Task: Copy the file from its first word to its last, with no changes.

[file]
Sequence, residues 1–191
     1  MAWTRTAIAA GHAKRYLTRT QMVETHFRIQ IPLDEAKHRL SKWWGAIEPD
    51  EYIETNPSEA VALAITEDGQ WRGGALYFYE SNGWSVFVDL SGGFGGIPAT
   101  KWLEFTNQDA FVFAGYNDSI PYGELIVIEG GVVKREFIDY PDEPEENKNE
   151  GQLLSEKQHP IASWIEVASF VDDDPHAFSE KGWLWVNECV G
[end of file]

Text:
Sequence, residues 1–191
     1  MAWTRTAIAA GHAKRYLTRT QMVETHFRIQ IPLDEAKHRL SKWWGAIEPD
    51  EYIETNPSEA VALAITEDGQ WRGGALYFYE SNGWSVFVDL SGGFGGIPAT
   101  KWLEFTNQDA FVFAGYNDSI PYGELIVIEG GVVKREFIDY PDEPEENKNE
   151  GQLLSEKQHP IASWIEVASF VDDDPHAFSE KGWLWVNECV G